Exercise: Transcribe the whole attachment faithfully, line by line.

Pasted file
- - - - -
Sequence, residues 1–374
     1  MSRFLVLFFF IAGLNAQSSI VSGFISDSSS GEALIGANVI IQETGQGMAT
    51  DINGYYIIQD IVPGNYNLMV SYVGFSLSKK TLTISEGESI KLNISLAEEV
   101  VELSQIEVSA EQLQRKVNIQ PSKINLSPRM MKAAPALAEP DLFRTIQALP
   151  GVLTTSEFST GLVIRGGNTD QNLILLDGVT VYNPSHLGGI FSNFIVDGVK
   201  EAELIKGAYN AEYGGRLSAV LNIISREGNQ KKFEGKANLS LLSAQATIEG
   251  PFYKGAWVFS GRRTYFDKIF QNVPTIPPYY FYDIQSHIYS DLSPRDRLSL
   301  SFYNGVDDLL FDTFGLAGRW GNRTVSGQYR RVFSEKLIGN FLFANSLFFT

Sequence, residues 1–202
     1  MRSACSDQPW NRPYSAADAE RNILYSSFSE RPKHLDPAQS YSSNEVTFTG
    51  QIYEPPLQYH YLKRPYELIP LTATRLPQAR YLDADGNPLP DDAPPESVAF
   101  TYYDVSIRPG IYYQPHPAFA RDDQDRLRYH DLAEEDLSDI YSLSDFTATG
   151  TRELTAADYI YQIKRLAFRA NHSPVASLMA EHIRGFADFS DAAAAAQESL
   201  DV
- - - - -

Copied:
Sequence, residues 1–374
     1  MSRFLVLFFF IAGLNAQSSI VSGFISDSSS GEALIGANVI IQETGQGMAT
    51  DINGYYIIQD IVPGNYNLMV SYVGFSLSKK TLTISEGESI KLNISLAEEV
   101  VELSQIEVSA EQLQRKVNIQ PSKINLSPRM MKAAPALAEP DLFRTIQALP
   151  GVLTTSEFST GLVIRGGNTD QNLILLDGVT VYNPSHLGGI FSNFIVDGVK
   201  EAELIKGAYN AEYGGRLSAV LNIISREGNQ KKFEGKANLS LLSAQATIEG
   251  PFYKGAWVFS GRRTYFDKIF QNVPTIPPYY FYDIQSHIYS DLSPRDRLSL
   301  SFYNGVDDLL FDTFGLAGRW GNRTVSGQYR RVFSEKLIGN FLFANSLFFT

Sequence, residues 1–202
     1  MRSACSDQPW NRPYSAADAE RNILYSSFSE RPKHLDPAQS YSSNEVTFTG
    51  QIYEPPLQYH YLKRPYELIP LTATRLPQAR YLDADGNPLP DDAPPESVAF
   101  TYYDVSIRPG IYYQPHPAFA RDDQDRLRYH DLAEEDLSDI YSLSDFTATG
   151  TRELTAADYI YQIKRLAFRA NHSPVASLMA EHIRGFADFS DAAAAAQESL
   201  DV